Subjects: African American neighborhoods; African Americans--Recreation; African Americans--Social conditions.; African Americans--Social life and customs.; Philadelphia (Pa.)--Social conditions.; Philadelphia (Pa.)--Social life and customs.

00:32:17 - Assimilating to the northern way of life

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Partial Transcript: Tell me, um, did you find that, that, uh, some of the people who you met, uh, changed over the years after--some of the people that you met who may have been from the South, did they seem to dress differently, um, did they seem to assimilate into the northern, northern culture?

Segment Synopsis: Some of the people that Madison had met after he moved north started to assimilate to the way of life in the North. Madison's family rented rooms in their house to southern migrants. Madison's father was asked by a young thirteen-year old southern boy how to use a knife and fork, since he was accustomed to eating only with a large spoon. That was one of many ways people changed as they became used to the northern lifestyle. Madison recalls a story of a boy who had grown up in Philadelphia and visited the South, only to be told by white southerners that he should not wear his blue blazer and flannel pants, as Blacks needed to wear work clothes during the week.

Keywords: Assimilation; Northern culture; Northerners; Southerners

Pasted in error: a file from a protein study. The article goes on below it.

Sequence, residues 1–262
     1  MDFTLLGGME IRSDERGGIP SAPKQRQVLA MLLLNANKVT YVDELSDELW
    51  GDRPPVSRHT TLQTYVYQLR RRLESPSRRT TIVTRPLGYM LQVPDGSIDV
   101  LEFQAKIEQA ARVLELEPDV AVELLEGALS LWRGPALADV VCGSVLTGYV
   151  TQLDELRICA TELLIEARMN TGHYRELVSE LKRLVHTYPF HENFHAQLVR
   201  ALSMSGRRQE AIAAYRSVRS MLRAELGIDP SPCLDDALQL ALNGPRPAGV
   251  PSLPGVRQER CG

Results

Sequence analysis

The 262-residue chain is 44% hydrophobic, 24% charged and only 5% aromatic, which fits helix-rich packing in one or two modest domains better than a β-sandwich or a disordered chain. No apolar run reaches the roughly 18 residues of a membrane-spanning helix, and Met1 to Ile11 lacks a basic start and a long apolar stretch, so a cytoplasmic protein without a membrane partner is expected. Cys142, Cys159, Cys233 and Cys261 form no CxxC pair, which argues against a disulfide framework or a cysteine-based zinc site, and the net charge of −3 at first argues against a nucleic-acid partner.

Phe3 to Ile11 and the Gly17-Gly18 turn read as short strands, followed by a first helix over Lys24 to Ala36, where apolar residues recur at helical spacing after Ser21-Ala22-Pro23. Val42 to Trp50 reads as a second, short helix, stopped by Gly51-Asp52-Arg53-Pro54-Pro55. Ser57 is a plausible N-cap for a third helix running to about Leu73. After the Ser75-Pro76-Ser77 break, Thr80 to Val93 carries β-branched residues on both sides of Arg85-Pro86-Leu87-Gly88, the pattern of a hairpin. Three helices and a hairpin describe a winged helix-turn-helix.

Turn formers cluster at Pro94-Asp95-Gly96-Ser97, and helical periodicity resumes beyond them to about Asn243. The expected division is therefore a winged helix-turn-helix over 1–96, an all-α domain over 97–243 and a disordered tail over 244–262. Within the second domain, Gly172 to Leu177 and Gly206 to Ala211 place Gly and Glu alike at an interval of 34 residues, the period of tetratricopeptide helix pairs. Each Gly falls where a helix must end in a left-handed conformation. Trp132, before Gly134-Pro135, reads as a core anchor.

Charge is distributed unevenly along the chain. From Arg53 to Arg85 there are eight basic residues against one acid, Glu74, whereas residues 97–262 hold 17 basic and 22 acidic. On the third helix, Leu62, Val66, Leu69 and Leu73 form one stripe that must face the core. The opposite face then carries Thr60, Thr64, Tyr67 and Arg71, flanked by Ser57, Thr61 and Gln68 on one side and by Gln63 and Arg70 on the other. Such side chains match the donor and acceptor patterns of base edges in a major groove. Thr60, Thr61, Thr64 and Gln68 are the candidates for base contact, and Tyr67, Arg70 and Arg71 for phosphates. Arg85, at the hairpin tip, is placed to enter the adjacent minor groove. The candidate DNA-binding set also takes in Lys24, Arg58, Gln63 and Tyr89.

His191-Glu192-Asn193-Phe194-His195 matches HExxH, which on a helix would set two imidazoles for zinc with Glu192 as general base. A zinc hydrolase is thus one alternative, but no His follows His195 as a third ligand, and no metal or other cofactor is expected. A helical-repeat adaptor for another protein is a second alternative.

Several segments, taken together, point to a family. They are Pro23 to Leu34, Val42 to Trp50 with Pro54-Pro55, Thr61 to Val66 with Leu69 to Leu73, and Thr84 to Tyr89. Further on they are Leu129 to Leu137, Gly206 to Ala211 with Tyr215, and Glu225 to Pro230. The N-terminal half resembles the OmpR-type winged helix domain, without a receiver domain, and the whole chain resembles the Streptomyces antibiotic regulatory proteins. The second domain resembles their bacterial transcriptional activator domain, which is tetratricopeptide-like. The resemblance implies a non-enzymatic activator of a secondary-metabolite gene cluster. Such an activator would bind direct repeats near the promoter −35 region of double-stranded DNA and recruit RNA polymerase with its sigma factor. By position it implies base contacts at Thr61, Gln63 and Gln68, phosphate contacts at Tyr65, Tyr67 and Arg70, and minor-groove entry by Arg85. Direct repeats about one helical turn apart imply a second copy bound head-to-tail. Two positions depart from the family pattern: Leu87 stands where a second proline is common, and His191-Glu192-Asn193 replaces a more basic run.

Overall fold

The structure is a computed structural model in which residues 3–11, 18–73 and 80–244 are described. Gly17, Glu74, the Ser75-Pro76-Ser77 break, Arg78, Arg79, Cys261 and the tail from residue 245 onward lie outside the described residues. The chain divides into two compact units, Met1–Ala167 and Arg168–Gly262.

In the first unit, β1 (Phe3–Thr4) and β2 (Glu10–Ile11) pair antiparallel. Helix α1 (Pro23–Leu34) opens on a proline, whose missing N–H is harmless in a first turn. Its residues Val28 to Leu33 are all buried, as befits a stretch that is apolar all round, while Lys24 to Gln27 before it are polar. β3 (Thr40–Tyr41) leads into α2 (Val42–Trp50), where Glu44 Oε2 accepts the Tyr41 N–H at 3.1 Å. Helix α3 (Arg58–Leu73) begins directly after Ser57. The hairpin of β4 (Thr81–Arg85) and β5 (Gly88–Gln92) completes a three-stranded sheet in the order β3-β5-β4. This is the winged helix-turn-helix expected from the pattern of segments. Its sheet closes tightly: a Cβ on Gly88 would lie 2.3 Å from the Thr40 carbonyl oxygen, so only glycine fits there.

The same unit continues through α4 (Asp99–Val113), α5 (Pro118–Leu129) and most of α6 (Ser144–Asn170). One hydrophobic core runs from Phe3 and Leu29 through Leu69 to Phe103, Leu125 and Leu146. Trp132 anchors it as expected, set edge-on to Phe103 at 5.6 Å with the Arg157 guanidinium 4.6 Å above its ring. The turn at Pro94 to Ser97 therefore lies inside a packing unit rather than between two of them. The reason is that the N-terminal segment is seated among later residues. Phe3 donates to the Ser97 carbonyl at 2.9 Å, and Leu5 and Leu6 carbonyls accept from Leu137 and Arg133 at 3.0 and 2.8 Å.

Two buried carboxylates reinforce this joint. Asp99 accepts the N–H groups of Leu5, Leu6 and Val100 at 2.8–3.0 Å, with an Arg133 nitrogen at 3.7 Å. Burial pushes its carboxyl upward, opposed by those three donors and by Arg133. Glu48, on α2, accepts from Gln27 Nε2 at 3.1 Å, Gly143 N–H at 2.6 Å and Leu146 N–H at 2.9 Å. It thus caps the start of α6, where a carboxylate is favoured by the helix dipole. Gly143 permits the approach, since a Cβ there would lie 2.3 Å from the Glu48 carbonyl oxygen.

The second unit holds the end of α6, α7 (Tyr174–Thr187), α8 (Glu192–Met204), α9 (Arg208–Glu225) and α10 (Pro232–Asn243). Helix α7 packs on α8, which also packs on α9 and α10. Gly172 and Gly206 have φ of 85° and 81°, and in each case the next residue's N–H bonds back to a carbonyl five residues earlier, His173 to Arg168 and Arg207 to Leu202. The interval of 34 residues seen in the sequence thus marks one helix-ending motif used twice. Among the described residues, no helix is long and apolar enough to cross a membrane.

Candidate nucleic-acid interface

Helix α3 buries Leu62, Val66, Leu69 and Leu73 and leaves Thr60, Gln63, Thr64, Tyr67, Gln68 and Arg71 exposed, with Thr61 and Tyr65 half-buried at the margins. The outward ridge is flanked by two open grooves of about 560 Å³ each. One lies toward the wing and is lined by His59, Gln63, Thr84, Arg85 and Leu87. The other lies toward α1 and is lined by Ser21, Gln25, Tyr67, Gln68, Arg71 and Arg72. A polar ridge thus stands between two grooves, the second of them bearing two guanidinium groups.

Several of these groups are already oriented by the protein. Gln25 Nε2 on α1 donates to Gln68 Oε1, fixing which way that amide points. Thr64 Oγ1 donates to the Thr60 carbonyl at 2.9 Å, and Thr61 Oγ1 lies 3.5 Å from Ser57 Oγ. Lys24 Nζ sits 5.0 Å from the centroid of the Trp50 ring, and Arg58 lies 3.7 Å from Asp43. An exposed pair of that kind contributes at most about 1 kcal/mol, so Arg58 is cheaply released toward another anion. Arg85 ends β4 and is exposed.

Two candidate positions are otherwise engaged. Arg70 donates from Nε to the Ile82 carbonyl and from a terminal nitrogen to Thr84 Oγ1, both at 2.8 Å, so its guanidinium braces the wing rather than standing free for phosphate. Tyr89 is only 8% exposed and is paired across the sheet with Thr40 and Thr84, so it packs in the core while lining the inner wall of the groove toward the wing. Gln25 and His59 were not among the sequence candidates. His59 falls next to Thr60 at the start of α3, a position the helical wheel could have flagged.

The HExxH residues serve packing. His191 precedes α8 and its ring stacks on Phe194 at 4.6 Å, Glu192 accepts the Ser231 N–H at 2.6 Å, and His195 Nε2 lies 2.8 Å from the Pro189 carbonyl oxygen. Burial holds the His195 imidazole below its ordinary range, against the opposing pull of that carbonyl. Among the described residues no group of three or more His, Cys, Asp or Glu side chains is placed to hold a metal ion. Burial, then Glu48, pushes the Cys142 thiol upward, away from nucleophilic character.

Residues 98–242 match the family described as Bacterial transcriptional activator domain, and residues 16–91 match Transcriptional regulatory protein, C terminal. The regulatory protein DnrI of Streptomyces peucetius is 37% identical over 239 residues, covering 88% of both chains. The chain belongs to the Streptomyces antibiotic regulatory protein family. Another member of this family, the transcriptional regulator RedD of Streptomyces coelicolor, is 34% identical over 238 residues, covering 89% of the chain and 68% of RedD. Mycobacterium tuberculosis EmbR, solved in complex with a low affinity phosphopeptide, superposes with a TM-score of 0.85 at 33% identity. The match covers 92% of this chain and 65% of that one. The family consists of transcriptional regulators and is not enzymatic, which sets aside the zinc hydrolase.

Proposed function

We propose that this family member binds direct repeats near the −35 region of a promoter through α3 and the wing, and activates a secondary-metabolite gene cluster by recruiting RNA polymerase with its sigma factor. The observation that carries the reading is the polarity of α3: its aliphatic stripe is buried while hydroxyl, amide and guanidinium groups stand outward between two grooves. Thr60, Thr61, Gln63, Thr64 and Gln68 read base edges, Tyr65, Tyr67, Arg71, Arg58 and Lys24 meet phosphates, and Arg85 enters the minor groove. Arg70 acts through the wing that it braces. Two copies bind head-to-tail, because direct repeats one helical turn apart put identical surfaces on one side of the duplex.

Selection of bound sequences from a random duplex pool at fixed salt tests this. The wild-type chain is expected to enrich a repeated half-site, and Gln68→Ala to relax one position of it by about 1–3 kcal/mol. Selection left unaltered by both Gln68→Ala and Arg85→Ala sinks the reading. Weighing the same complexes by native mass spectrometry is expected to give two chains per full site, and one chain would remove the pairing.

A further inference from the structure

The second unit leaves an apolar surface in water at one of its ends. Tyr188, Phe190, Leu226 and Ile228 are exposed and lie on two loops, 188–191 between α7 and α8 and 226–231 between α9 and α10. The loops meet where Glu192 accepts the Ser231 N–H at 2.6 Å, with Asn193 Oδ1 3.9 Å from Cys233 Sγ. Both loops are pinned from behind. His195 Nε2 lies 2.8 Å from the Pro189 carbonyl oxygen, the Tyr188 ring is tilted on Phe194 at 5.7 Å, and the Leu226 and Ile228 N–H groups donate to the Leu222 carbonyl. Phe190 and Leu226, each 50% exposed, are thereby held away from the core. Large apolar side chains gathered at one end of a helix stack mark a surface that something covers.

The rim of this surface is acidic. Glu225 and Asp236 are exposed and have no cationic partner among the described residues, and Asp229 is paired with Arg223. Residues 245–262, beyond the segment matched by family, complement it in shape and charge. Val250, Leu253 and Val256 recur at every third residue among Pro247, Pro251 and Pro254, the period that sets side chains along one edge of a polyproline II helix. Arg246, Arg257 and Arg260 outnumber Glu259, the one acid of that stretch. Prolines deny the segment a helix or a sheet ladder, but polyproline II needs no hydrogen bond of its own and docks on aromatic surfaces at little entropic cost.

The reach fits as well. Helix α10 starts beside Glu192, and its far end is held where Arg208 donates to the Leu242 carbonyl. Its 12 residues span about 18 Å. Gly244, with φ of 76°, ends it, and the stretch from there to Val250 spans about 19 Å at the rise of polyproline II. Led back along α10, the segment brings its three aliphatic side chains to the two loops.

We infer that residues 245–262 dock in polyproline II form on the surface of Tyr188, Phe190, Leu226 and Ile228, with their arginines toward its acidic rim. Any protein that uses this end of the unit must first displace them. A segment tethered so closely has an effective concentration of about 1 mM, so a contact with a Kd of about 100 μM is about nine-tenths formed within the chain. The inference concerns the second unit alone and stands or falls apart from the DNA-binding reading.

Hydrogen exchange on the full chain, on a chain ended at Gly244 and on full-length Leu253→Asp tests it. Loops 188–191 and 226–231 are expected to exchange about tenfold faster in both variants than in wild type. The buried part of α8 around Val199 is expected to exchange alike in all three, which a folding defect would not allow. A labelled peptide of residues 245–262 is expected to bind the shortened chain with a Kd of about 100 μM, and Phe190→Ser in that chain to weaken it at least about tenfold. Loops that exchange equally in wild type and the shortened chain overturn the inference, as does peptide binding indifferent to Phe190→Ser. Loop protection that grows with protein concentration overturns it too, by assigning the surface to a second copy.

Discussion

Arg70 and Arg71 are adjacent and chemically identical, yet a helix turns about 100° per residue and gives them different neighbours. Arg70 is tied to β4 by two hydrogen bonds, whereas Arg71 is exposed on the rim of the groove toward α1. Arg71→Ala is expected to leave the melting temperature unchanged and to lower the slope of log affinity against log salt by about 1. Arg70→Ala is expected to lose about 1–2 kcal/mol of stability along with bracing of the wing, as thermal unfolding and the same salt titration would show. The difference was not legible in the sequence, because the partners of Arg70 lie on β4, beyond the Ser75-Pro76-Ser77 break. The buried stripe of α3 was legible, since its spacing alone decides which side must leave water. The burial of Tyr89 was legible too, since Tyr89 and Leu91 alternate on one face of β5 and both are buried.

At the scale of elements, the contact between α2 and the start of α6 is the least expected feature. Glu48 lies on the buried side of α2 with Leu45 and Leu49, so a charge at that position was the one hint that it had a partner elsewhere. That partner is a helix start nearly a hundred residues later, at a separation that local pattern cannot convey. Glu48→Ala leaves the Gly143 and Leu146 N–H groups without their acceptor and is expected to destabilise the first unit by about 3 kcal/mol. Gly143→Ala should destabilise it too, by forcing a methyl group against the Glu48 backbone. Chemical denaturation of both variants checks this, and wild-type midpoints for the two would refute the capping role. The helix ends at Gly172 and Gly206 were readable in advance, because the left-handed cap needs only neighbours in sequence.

Subjects: African Americans--Conduct of life.; African Americans--Social conditions.; African Americans--Social life and customs.; African Americans--Southern States.; Philadelphia (Pa.)--Social conditions.; Philadelphia (Pa.)--Social life and customs.

00:35:22 - Resentment in the Black community for being educated

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Partial Transcript: Did, um, did the people who lived in Philadelphia who had been there, maybe who had migrated earlier, maybe in the 1900s, uh, the people who, who--the blacks who had lived in Philadelphia for a number of years, did you notice them treating the newcomers any differently? Were they kind of snooty towards them or did they--were they very helpful?

Segment Synopsis: Madison recalls that there were some Blacks who moved north and kept the attitude that an educated person was no better than someone who was working on a trash truck. Those people resented someone for trying to go to school and get jobs that only the white people were taking. Madison recounts that manual jobs like construction and other labor were common jobs for African Americans, as was domestic work for women. The jobs that "upwardly mobile" Blacks could get were ones working in big hotels and working as a butler for a private family. These families aspired to provide their children with a good education. Some more successful Blacks viewed other Blacks as a bad influence on their children.